When turning up to a yoga class, you have probably heard instructions such as: “Bring your front knee directly above your ankle, turn your back foot in, gently draw your navel in and up and reach through your fingers to send some energy in your arms while keeping your shoulders down.” Phew, quite a mission and this is just for Warrior I! And not to freak you out or anything but a lot more could be said on this one pose. Just pop to an Iyengar class if you need to be convinced!
So are your instructors totally OCD? Well, that is a possibility but the detailed information provided are for our own good. Improper alignment can put strain on disks, muscles, tendons and ligaments while correct alignment will bring strength and promote flexibility in a more harmonious body.
Instructions on alignment are therefore essential for a safe and beneficial practice on a physiological level and also to get to what we could call the core of a pose. Once you have gained a good understanding of a pose through guidance and experience, a sense of ease starts to sink in. An obvious example would be slumping when in a seated position (possibly the result of tightness in the back and/or hips), shoulders hunched, caving in the chest. When seated in such a way, the lumbar disks are put under strain, the organs get compressed as well as the lungs which makes it more difficult to breathe. The moment we can sit up with our spine erect and relax the shoulders, we are creating more space for our breath to expand, allowing prana or life force to be more evenly distributed; a sense of stillness settles in.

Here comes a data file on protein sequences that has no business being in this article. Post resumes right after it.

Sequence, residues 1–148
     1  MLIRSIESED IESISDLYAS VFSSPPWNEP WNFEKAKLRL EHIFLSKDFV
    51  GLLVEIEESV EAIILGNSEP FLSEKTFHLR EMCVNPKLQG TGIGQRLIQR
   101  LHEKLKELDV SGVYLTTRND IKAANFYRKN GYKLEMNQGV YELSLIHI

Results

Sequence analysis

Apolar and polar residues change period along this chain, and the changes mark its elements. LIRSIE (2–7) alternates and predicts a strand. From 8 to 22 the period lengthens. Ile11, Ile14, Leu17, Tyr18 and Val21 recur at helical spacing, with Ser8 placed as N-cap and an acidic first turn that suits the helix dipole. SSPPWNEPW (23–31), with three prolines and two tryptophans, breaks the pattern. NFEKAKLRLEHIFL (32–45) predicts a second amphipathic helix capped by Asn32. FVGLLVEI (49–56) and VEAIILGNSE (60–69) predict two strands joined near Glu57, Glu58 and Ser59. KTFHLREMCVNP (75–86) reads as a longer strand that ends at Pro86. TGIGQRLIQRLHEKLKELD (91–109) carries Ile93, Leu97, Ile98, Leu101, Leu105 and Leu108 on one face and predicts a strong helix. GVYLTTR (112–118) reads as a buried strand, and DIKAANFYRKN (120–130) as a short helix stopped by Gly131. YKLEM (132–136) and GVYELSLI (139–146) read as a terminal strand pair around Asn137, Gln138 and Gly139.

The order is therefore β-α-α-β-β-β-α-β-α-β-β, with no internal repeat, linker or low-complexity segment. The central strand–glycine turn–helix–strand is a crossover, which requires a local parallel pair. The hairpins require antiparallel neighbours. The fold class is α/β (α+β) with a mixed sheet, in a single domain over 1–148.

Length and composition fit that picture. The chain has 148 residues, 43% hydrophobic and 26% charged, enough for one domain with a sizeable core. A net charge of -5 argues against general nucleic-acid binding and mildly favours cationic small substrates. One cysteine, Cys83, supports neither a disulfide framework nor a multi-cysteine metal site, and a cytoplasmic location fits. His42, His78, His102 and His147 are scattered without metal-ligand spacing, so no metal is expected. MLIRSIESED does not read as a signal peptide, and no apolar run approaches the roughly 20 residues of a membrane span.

Instructions on alignment tend to become more detailed as you progress into your practice and become more tuned in with your body. For beginners though, I believe that instructions should be kept simple for fear of putting them off by creating a brain overload and/or confusion. It is also important to give practitioners encouragement especially for first-timers who might get a bit of a shock when they realise their limited range of motion or strength. Being present everywhere and simultaneously into every cell of our body is a challenge and does not come easily. You might focus so much on the alignment of your front knee in Warrior I for instance that you forget about pressing the back foot flat onto your mat. Typically, we tend to neglect what we cannot see: “Out of sight, out of mind” as the saying goes.
But don’t let any setbacks unsettle you. Our practice is a lifelong journey and we are not travelling alone. Your teachers will keep helping you along the way and more and more often, you will come across these wonderful moments where everything makes sense. All the hours spent on the mat end up refining the intelligence of the body. You will “think” less with your mind and more with your body, allowing spaciousness, intuition, well-being, contentment and a sense of union to permeate your entire being which yoga has been designed to bring to humanity as a whole.